Indeed, the indictment made no assertion that the president or anyone affiliated with him did anything wrong, understandably a relief for Mr. Trump, given a year of investigation and media reports exploring the possibility of collaboration with Russia. The “information warfare against the United States,” as one Russian organization called it, started in 2014, predating Mr. Trump's entry into the race.

But the indictment also determined that by 2016 the effort had evolved into a deliberate attempt to support Mr. Trump and disparage Mrs. Clinton. And the charges against the Russians are not the end of the investigation by Mr. Mueller, nor do they mean that there were no contacts or cooperation that may eventually spell legal trouble for people in the president's orbit.

Previous legal filings and news accounts have documented multiple contacts between Mr. Trump's team and Russians in 2016. Among them was a June 2016 meeting hosted by Donald Trump Jr., the president's son, Jared Kushner, his son-in-law, and Paul J. Manafort, his campaign chairman, on the promise that Russian visitors would provide incriminating information about Mrs. Clinton as part of the Russian government's support of the elder Mr. Trump.

The charges against the Russians documented an elaborate scheme to use social media to provoke distrust of the system by creating online personas for fictitious American activists and stealing identities, an operation sophisticated enough to focus on “purple states” that would be battlegrounds between Mr. Trump and Mrs. Clinton.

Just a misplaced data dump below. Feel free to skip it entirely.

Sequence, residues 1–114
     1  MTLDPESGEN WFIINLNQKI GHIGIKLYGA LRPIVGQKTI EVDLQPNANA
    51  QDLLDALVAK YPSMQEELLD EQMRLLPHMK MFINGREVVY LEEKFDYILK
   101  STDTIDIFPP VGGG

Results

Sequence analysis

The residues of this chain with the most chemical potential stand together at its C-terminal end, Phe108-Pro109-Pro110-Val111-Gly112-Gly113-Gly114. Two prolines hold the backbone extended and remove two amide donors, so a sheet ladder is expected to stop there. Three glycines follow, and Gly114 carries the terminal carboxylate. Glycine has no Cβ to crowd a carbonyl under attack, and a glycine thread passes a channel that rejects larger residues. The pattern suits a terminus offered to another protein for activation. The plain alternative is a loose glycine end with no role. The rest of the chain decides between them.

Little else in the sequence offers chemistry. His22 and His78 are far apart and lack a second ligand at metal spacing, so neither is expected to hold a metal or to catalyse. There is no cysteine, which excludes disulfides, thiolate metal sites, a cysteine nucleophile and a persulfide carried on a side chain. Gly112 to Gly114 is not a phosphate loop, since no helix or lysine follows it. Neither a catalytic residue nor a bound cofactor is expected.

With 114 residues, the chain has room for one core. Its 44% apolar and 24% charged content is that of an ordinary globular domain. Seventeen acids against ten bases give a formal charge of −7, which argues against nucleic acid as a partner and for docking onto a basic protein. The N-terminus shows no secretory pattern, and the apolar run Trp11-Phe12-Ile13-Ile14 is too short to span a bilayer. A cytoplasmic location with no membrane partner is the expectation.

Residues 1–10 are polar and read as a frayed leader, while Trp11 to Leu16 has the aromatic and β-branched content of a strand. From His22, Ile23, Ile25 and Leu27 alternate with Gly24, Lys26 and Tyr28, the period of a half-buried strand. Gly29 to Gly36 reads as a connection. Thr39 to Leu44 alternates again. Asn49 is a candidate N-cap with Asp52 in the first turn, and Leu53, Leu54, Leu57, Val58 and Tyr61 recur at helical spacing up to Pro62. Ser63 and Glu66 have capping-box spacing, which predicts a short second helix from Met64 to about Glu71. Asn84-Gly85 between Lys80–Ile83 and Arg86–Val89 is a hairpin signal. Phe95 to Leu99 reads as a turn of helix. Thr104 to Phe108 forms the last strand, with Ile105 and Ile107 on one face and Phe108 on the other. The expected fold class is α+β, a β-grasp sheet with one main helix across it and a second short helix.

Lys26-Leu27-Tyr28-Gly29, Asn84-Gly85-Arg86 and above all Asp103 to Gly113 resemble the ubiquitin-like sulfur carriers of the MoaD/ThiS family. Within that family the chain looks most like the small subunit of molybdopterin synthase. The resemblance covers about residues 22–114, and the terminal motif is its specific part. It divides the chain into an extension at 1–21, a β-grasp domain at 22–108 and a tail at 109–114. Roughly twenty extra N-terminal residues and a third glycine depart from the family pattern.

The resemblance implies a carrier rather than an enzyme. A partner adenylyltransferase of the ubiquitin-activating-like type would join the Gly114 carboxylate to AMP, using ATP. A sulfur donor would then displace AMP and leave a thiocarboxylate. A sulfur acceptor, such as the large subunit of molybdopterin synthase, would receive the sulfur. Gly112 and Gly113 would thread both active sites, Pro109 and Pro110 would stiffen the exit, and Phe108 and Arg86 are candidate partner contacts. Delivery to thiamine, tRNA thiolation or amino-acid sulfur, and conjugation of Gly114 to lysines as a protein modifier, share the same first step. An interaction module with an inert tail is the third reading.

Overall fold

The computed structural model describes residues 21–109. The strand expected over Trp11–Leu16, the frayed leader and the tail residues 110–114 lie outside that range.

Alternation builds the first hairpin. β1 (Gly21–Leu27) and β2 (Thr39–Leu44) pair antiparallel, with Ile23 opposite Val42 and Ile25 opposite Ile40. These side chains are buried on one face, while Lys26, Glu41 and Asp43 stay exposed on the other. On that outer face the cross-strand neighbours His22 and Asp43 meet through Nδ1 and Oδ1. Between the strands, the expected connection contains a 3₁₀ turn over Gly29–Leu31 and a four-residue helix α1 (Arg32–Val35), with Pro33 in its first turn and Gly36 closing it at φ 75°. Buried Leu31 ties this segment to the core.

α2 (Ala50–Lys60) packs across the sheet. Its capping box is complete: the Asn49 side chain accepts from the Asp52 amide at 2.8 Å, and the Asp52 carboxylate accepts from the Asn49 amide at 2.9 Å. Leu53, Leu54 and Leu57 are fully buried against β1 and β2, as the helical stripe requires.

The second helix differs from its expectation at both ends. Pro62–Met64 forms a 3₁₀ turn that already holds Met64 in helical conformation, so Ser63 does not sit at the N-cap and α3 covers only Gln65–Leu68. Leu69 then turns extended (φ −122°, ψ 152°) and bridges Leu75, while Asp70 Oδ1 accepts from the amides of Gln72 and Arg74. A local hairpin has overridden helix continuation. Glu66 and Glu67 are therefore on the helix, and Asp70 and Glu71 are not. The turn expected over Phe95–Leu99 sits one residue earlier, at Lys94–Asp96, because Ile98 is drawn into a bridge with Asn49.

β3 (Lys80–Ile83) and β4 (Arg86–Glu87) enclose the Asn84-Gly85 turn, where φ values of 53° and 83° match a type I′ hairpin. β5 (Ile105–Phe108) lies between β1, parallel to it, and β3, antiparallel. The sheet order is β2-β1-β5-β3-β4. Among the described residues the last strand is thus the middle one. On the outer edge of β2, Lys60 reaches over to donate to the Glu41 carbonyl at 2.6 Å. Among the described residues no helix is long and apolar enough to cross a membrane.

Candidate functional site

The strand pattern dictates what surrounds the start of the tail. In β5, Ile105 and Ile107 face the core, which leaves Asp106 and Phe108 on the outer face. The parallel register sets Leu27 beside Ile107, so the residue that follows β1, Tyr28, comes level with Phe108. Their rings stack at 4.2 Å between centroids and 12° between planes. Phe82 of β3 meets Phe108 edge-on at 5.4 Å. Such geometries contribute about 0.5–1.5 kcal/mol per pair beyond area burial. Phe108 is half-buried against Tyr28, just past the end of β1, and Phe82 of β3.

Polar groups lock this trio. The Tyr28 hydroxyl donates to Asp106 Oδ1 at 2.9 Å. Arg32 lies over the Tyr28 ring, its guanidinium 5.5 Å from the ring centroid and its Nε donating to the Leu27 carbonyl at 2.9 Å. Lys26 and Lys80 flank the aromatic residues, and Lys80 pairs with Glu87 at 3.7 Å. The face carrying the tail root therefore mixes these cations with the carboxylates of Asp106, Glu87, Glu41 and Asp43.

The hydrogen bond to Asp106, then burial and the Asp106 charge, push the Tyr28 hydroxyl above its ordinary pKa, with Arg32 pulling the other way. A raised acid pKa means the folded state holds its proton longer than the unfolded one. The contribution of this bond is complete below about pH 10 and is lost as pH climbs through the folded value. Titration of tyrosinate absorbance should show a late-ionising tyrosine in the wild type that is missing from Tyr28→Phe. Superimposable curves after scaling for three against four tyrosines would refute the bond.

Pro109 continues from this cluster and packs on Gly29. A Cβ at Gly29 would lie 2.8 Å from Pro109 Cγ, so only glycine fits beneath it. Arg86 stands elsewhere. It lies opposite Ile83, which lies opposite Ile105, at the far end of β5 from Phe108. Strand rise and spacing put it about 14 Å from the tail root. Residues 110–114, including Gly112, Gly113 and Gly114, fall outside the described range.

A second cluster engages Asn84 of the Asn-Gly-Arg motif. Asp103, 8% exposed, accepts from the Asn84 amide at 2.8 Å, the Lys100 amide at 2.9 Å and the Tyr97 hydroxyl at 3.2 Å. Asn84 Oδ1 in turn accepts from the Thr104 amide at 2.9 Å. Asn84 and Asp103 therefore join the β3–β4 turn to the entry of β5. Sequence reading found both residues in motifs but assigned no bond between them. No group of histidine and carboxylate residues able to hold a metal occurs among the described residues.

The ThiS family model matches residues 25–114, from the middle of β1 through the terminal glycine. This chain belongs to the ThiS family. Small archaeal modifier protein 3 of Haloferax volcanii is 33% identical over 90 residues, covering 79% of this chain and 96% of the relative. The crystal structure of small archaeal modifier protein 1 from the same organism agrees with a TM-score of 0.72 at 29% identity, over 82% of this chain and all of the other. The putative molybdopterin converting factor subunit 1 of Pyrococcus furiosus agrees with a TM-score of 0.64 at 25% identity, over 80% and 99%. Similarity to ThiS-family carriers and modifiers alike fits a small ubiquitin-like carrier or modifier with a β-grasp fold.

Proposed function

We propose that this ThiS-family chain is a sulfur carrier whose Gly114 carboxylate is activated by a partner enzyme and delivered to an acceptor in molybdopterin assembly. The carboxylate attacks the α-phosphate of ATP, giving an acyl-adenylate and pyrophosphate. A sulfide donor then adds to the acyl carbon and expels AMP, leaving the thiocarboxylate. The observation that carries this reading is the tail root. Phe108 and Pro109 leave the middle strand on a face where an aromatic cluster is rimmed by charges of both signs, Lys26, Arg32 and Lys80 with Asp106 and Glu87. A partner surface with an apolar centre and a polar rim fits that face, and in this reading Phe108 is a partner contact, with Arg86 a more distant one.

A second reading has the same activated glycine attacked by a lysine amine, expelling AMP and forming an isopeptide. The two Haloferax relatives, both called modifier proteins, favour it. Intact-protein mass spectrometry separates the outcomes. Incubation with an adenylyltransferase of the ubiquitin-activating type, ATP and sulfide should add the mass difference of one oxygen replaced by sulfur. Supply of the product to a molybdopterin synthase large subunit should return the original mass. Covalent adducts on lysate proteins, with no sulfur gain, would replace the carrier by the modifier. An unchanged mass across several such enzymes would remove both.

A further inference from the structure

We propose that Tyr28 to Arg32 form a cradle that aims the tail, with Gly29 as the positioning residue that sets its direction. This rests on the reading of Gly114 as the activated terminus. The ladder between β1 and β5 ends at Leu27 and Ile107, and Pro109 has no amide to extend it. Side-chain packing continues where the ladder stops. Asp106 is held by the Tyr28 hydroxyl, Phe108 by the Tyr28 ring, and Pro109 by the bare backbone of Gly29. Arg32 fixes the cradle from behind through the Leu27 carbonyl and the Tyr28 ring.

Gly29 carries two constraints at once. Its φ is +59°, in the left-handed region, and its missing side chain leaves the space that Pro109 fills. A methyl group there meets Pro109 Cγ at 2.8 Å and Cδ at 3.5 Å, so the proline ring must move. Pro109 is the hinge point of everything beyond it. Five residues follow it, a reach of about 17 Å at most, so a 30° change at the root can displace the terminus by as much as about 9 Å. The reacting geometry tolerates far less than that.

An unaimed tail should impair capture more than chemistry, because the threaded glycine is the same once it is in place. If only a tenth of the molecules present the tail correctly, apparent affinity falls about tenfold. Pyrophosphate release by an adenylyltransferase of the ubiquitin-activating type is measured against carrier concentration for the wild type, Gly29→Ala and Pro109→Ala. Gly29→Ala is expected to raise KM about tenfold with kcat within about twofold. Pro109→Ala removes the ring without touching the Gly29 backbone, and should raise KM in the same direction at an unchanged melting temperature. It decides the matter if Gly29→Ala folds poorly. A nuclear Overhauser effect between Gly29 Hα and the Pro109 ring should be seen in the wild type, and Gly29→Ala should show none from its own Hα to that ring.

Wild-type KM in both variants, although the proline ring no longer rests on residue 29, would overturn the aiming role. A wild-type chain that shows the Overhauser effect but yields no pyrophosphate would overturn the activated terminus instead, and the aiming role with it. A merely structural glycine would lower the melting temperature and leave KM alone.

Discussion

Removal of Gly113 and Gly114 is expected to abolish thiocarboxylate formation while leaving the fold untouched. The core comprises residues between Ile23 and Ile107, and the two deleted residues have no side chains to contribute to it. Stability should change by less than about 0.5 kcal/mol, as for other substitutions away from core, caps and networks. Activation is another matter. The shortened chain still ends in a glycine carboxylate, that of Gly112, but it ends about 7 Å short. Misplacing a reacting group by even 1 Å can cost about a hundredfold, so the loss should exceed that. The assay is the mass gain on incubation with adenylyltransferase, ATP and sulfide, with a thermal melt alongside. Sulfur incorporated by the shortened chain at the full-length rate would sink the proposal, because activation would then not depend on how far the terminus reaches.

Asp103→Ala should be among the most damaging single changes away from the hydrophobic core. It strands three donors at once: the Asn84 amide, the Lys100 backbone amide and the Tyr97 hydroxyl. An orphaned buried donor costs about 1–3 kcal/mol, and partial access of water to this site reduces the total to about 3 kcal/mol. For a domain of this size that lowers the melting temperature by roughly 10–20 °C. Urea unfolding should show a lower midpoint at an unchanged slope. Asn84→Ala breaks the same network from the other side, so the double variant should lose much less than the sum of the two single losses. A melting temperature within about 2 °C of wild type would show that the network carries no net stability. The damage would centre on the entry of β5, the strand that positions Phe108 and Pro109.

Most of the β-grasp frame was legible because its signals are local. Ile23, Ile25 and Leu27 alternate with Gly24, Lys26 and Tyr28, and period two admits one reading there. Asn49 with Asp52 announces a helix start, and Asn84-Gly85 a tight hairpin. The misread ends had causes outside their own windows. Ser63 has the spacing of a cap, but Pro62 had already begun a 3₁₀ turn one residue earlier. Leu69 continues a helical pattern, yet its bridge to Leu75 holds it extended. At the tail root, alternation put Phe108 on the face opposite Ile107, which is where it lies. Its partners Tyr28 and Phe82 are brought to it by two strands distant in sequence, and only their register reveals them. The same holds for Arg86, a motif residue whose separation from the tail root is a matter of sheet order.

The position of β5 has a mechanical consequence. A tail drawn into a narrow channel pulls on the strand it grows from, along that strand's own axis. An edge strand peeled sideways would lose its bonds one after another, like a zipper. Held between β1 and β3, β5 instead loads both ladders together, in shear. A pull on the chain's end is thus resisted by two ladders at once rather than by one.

A “March for Truth” rally in New York in June. — Photograph: Eduardo Munoz Alvarez/Getty Images.
A “March for Truth” rally in New York in June. — Photograph: Eduardo Munoz Alvarez/Getty Images.

The findings bolstered the conclusions of American intelligence agencies, which for more than a year have said that Russia interfered in the election, a determination that Mr. Trump has occasionally accepted but more often dismissed as a “hoax”. Only in a written statement that aides issued in his name after his tweet on Friday was any concern expressed about the Russian attack described in the indictment, and then only to urge his critics to stop questioning him.

“We cannot allow those seeking to sow confusion, discord and rancor to be successful,” the statement said. “It's time we stop the outlandish partisan attacks, wild and false allegations, and far-fetched theories, which only serve to further the agendas of bad actors, like Russia, and do nothing to protect the principles of our institutions. We must unite as Americans to protect the integrity of our democracy and our elections.”

Mr. Trump's position stood in contrast to that of fellow Republicans who responded to the indictment with calls for tougher action against Russia. To many, the president's reaction once again raised the question of why he would go easy on Moscow. He has spoken about Mr. Putin in generally flattering or friendly terms and avoided any direct criticism even during moments of enormous stress in the relationship between the two countries.